Arguing Against Slavery; Ending Slavery
What arguments did abolitionists make against slavery? How did abolitionists propose to end slavery? These historical questions are at the center of this two-lesson unit focused on seven primary documents. In engaging with these questions and these documents, your students will consider the impacts and the limits of abolition, a social movement that spanned hundreds of years.
The documents in these lessons span from 1688 to 1860. To fully benefit from these lessons, students should be familiar with the basic history of slavery in the United States. Some understanding of colonial American history, the American Revolution, the era of Manifest Destiny, and the abolition movement will also be useful. In an American history course taught chronologically, these lessons would therefore fit best shortly before or shortly after covering the Civil War. In a history course taught thematically, these lessons would work well embedded in larger units on activism and social change or slavery and freedom.
In these lessons, your students will learn about the complex history of abolitionist thought in this country. They will develop their understanding by identifying and articulating the various arguments that people made against the institution of slavery and the different proposals made to try and end slavery. They will analyze documents to learn that anti-slavery ideas and emancipation plans changed over time, depending on their author, audience, and context. In the process, your students will develop historical thinking skills and learn historical concepts by answering the central historical questions with evidence from primary sources.
These primary sources will pose some challenges for students, not the least of which is their length. For this reason, you may choose to present students with the modified documents, also included in the lesson plans under "Other Materials."
Note that the practice of adapting historical documents for the secondary classroom is supported by education research; for an introductory discussion, see “Tampering With History: Adapting Primary Sources for Struggling Readers” by Sam Wineburg and Daisy Martin, 2009.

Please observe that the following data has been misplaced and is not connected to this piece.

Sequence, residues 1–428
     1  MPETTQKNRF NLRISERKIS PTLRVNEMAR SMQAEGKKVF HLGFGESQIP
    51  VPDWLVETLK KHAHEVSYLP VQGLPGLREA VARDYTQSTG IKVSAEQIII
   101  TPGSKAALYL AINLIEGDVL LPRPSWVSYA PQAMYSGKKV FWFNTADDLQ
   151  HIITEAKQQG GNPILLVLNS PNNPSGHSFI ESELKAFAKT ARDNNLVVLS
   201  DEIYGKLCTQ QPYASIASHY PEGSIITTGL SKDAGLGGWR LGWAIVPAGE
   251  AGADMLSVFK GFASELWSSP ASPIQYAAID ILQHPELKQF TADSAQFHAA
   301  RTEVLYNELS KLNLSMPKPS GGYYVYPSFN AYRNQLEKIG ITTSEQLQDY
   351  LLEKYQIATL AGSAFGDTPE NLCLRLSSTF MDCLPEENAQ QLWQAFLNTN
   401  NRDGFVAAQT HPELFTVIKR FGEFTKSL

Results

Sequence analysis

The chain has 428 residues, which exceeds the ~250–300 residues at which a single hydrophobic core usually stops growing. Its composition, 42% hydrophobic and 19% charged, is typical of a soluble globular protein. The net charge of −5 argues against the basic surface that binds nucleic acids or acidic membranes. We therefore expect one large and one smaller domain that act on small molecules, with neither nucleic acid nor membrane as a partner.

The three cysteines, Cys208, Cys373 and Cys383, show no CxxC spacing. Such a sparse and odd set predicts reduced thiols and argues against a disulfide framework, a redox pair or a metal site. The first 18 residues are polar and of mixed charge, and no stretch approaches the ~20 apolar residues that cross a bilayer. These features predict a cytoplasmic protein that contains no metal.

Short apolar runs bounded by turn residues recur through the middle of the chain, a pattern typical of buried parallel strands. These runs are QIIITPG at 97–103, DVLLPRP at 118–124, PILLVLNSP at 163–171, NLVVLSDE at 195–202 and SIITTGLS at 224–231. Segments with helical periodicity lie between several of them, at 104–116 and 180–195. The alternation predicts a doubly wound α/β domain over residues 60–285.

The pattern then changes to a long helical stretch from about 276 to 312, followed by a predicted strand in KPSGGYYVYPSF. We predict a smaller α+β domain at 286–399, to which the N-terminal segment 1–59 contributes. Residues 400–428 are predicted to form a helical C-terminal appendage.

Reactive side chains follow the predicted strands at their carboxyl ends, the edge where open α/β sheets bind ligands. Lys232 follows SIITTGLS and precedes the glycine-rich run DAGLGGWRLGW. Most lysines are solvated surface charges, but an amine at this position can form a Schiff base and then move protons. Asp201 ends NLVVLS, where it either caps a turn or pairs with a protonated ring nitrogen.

Building background knowledge
Posing a historical question
Analyzing primary sources
Answering the question in discussion or in writing, using the primary sources as evidence
Any history teacher can craft their own lessons using these steps and drawing on the Historical Society’s tremendous digital resources to find primary sources. These model lessons are intended to serve as templates.
How has social disagreement and collaboration been beneficial to American society?
Historical Concepts (from the Historical Thinking Project)
Continuity and Change
History is a complex mix of continuity and change, progress and decline. Understanding this concept helps students avoid thinking of history as a mere list of events.
“The past is a foreign country,” filled with diverse perspectives. Understanding this concept helps students comprehend the range of human behaviors and beliefs.
Ethical Dimensions of History
While we must understand the differences between bygone eras and our own time, we should also ask ourselves which histories we choose to remember and whose stories we choose to tell. Understanding history can also help us contextualize contemporary ethical issues.
Historical Thinking Skills (from the Stanford History Education Group)
Students will learn to analyze the impacts of authorship, purpose, form, and audience on the interpretation of a source.
Students will learn to situate documents in context, understanding the impact of circumstances on content.
Students will learn to analyze author’s claims, evidence, and language.
Background Material for Teacher
David Brion Davis, Inhuman Bondage: The Rise and Fall of Slavery in the New World (2006)
End of Unit Assessment
The beauty of structuring lessons around a historical question is that the assessment or culminating activity for each lesson is quite natural: students need to answer the question! In doing so, they must make justifiable historical claims and use evidence from the primary source documents to support those claims. Teachers can ask students to do this as a written assignment or as a class discussion (or both).
Plans in this Unit
PA Core Standards
About the Author
Jessica Tyson is a high school history teacher from Oakland, California, on sabbatical in Philadelphia.
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